Well there are three components and each is a huge technological challenge. The rocket itself is not easy to develop. The basic principles of why rockets work are child's play - you can write down the equations in high-school mathematics.
But to manufacture the fuels and the propellants … and you need a sophisticated guidance system, because these things have to fly autonomously. You can't control them all the way. It's like balancing a balloon on a needle, you have to make constant minor adjustments and the human hand can hardly do that. As the propellant is burnt the whole mass of the thing changes enormously. You're controlling a vehicle that is losing 95 percent of its mass in this violent sequence of burns and all that has to be under automated control.
The second technology is the reentry technology. That has to survive up to about 5,000 degrees Centigrade as the vehicle spears down through the atmosphere and the kinetic energy is converted into heat. Only three nations have managed to build sophisticated capsules for bringing humans back from space - the Russians, the Americans and the Chinese.
And the third technology is the nuclear device itself. It's okay to expect countries that can spend a lot of money on research, with all the right scientists working for them, to develop a device, which with all the laboratory instrumentation around it can be set in an underground location, or on the surface, and detonated. But it's another thing to encapsulate that in a reentry vehicle, launched by a complex multistage rocket. The device has to operate exactly at the end of its trajectory - it has to be armed as it goes, fused as it goes, and detonate at the right time. Bringing together all of those three is a very complex matter.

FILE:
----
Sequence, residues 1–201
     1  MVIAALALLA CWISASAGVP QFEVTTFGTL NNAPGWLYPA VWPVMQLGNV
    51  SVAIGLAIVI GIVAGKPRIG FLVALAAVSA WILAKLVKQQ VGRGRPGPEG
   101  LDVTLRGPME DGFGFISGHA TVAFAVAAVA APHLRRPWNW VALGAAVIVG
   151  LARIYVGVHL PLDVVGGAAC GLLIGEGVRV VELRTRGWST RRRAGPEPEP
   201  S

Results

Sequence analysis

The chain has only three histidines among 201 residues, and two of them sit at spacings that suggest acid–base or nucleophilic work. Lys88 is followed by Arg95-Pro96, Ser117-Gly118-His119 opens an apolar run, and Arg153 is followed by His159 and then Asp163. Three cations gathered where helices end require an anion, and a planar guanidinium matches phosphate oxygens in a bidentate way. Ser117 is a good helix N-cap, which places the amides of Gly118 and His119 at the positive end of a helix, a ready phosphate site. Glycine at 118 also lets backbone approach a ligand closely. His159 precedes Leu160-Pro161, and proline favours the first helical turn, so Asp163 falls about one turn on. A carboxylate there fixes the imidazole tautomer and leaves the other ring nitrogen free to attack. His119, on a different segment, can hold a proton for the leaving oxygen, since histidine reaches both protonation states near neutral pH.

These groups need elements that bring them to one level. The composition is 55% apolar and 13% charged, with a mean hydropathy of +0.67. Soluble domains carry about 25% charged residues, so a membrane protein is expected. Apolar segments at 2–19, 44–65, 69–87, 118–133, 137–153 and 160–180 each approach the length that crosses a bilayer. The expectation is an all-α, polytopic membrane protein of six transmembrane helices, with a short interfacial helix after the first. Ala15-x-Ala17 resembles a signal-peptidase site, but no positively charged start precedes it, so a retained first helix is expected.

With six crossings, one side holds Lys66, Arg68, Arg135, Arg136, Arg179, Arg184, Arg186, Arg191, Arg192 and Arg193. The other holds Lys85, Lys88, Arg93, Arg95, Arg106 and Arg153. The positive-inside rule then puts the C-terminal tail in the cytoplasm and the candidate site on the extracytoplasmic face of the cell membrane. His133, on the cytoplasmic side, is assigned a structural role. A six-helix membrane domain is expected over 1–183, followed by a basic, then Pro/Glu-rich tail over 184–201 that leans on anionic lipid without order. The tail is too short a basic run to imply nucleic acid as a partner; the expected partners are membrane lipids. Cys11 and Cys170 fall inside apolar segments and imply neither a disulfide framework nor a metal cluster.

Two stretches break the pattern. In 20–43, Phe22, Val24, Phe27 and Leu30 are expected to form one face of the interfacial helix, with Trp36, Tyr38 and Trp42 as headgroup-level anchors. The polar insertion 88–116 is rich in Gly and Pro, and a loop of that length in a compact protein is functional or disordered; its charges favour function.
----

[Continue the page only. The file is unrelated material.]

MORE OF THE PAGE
North Korea has never detonated a nuclear device on the front end of a missile. They have shown you can recover reentry vehicles, and that they can launch long-range missiles. And they have shown you can detonate atomic devices on the ground. But they have never brought those three together.
Where do you place North Korea's developments in the context of the history of ICBMs?
Well, the first one was demonstrated on October 4, 1957, when [the Soviets] put Sputnik 1 into orbit. It essentially said, "If we can put this satellite into orbit, we can send a nuclear bomb to the United States." And that put fear throughout the whole of the US. Today, what North Korea is doing is in line with other nuclear powers like India, Pakistan … But North Korea is the only country outside of Russia and the United States which appears to be on the brink of having a truly intercontinental ballistic missile. So this is a very significant move. It could completely destabilize the balance of security in the whole of that region, because if the targets are in the United States, the war would be fought very much in Southeast Asia.
Dr David Baker, is a space historian and editor of the British Interplanetary Society's "Spaceflight Magazine." Baker is the author Haynes "Owner's Workshop Manuals" on Rockets, Soyuz vehicles and NASA's Mars Rovers. From the 1960s through to 1990, he worked with NASA on the Gemini, Apollo and space shuttle programs, and was also involved with the RAND Corporation, and an electronic military operation called Igloo White during the Vietnam War.